• Capt. Jean Ouango of Burkina Faso enters the stage with his nation's colors during the international flag ceremony, signifying the start of the 2012-02 Intermediate Level Education class, Feb. 13 at the Lewis and Clark Center, Fort Leavenworth, Kan.

    Flag ceremony marks start of new ILE^class

    Capt. Jean Ouango of Burkina Faso enters the stage with his nation's colors during the international flag ceremony, signifying the start of the 2012-02 Intermediate Level Education class, Feb. 13 at the Lewis and Clark Center, Fort Leavenworth, Kan.

  • Romanian Maj. Alin Gheorghe posts Romania's flag during the international flag ceremony, signifying the start of the 2012-02 Intermediate Level Education class, Feb. 13 at the Lewis and Clark Center, Fort Leavenworth, Kan.

    Flag ceremony marks start of new ILE^class

    Romanian Maj. Alin Gheorghe posts Romania's flag during the international flag ceremony, signifying the start of the 2012-02 Intermediate Level Education class, Feb. 13 at the Lewis and Clark Center, Fort Leavenworth, Kan.

  • Capt. Mehriddin Odinaev of Tajikistan posts his nation's colors during the international flag ceremony, signifying the start of the 2012-02 Intermediate Level Education class, Feb. 13 at the Lewis and Clark Center, Fort Leavenworth, Kan. This is the first year a student from Tajikistan has attended the Command and General Staff College.

    Flag ceremony marks start of new ILE^class

    Capt. Mehriddin Odinaev of Tajikistan posts his nation's colors during the international flag ceremony, signifying the start of the 2012-02 Intermediate Level Education class, Feb. 13 at the Lewis and Clark Center, Fort Leavenworth, Kan. This is the...

FORT LEAVENWORTH, Kan. (Feb. 16, 2012) -- For the first time, the Republic of Tajikistan joined the 46 international military students attending the U.S. Army Command and General College in the February 2012-start class.

Capt. Mehriddin Odinaev, CGSC's first student from Tajikistan, posted his flag alongside other military students at the international flag ceremony Feb. 13.

Col. Michael Johnson, acting deputy commandant, welcomed the international military students in the 2012-02 class.

"For decades, the international students of the Command and General Staff College have proudly presented the flags of their nation alongside our stars and stripes, in representation of our shared commitment to the principles of freedom and human rights," Johnson said.

There have been 7,400 international students from 160 countries who have attended CGSC, beginning more than 100 years ago. Half of those international graduates became general officers, one out of 10 became chiefs of their nation's defense departments and 28 CGSC graduates have become heads of state in their home nations. CGSC honors international graduates twice each year with the International Hall of Fame ceremony, set for April this year, which brings back a CGSC graduate who has gone on to success either in the military or government. The former students' pictures hang in the hallway of the fourth floor of the Lewis and Clark Center.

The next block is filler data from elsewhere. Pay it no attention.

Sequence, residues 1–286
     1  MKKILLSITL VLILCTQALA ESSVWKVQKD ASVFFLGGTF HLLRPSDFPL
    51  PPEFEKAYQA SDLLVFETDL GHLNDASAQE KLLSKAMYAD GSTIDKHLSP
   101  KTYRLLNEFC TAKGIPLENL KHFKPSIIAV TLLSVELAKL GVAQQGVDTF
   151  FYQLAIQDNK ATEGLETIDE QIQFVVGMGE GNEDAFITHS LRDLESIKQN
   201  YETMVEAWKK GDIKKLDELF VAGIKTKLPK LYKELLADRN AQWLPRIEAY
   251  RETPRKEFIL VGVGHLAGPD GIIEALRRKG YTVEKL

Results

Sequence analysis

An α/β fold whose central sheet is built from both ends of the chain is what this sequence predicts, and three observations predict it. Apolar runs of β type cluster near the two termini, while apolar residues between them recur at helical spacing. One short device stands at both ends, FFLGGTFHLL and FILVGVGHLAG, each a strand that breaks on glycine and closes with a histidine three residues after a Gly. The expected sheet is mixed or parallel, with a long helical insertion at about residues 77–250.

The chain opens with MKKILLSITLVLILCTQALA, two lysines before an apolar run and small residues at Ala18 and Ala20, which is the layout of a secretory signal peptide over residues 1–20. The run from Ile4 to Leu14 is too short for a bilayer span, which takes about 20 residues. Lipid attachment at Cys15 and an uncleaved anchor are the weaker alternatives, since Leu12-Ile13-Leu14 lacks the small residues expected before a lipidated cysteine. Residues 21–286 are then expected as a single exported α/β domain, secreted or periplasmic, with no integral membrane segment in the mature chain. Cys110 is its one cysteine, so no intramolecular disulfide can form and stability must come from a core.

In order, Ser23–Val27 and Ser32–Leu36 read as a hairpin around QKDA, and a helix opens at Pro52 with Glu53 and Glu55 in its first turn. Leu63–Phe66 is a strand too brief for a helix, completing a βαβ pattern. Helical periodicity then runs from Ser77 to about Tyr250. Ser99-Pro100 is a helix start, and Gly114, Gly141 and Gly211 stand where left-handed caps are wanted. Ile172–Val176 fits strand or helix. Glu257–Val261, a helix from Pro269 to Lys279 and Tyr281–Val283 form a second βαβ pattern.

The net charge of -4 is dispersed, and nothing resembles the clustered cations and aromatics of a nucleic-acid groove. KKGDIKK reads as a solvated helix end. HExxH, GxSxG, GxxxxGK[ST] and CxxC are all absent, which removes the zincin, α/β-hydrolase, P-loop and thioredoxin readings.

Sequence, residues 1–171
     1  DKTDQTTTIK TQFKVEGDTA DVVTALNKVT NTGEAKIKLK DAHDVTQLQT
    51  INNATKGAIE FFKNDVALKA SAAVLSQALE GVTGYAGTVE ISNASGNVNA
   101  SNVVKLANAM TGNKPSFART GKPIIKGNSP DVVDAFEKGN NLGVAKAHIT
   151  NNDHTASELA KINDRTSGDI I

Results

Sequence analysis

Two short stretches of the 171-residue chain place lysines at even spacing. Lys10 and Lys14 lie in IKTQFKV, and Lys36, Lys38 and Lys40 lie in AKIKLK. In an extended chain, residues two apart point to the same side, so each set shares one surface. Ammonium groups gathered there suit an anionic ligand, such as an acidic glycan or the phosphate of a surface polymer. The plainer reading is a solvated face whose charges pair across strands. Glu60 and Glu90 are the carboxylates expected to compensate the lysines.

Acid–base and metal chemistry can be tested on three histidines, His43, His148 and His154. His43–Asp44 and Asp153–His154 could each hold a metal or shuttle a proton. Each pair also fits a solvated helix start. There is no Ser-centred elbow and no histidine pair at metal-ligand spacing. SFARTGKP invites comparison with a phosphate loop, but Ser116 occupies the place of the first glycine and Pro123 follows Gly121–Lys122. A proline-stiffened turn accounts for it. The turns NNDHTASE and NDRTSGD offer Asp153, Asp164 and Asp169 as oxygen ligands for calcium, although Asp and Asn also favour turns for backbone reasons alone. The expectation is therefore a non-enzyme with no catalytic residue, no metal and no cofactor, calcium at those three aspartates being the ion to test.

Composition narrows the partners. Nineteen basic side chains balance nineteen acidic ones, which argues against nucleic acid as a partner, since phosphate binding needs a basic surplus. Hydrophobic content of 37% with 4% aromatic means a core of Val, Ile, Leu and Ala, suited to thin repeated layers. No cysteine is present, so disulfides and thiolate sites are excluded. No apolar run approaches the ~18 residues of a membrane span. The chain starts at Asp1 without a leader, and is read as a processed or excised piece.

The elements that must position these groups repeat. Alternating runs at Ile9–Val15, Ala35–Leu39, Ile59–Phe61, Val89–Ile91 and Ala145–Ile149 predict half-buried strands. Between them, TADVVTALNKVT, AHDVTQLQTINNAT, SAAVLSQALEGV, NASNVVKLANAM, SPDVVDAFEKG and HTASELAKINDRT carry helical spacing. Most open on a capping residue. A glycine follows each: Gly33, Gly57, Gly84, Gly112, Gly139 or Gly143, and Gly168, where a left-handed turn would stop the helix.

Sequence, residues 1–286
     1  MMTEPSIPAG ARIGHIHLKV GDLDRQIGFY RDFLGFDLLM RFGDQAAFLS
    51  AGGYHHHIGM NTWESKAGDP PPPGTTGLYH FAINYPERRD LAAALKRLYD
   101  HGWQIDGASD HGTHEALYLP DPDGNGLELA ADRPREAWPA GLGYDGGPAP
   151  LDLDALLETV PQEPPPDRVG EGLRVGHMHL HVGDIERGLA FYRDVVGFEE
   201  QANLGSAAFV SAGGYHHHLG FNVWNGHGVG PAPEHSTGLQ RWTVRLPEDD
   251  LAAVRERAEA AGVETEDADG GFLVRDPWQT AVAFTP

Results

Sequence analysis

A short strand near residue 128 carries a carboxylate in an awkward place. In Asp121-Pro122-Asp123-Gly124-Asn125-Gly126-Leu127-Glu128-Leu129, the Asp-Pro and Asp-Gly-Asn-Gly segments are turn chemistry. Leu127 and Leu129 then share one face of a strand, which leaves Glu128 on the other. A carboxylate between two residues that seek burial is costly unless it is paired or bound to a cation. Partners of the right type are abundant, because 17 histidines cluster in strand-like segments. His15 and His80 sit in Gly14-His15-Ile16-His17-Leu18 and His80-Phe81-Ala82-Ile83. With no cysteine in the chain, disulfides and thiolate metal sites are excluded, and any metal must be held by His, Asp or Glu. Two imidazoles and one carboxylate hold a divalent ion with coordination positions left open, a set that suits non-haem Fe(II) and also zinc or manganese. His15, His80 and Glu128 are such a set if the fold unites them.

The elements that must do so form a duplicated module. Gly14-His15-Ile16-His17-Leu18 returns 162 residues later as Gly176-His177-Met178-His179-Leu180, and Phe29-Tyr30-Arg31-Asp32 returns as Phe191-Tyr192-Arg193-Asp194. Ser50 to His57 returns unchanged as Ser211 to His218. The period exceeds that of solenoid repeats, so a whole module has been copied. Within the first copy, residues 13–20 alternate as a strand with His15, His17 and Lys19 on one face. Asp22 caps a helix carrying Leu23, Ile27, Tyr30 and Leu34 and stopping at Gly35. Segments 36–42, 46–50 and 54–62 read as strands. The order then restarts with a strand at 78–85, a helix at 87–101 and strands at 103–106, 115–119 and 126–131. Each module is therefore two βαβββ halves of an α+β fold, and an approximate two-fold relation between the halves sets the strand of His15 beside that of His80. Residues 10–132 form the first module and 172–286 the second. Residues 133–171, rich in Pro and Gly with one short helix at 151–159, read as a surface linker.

Johnson said he encouraged all international and U.S. students to engage in rigorous discussion about military topics. CGSC classes are arranged in staff groups of 16 students, with one international student in each group to give U.S. students maximum exposure to new ideas and cultures.

For Odinaev, it also gives him an opportunity to learn. His country is part of the former Soviet Union and is on the northern border of Afghanistan.

"This is a good opportunity to be here in this great school, and I'm very proud that I'm the first," he said.

Odinaev said he hopes to learn about the U.S. Army doctrine process. His own country is still using old Soviet doctrine.

Odinaev's wife and three children are back home in Tajikistan. He's served his nation's army since 2000, beginning with two years as an enlisted soldier. He attended military school in the Ukraine and in his nation's capital, Dushanbe, Tajikistan.

Although Odinaev is here without his family, many students arrive with family members who speak little or no English and have little exposure to American customs. Because of this, sponsors from around the area help the students adjust and find what they need to live in the United States for a year.

Randy and Marquita Pace, from Kansas City, are sponsoring their 16th student this year through People to People.

Pace, a retired chief warrant officer 4, said he's returning the favor.

"When I was a young Soldier in Germany 49 years ago, a German family welcomed me," he said. "What I'm doing is an opportunity to give back the thoughtfulness and care they gave to me."

Page last updated Fri February 17th, 2012 at 00:00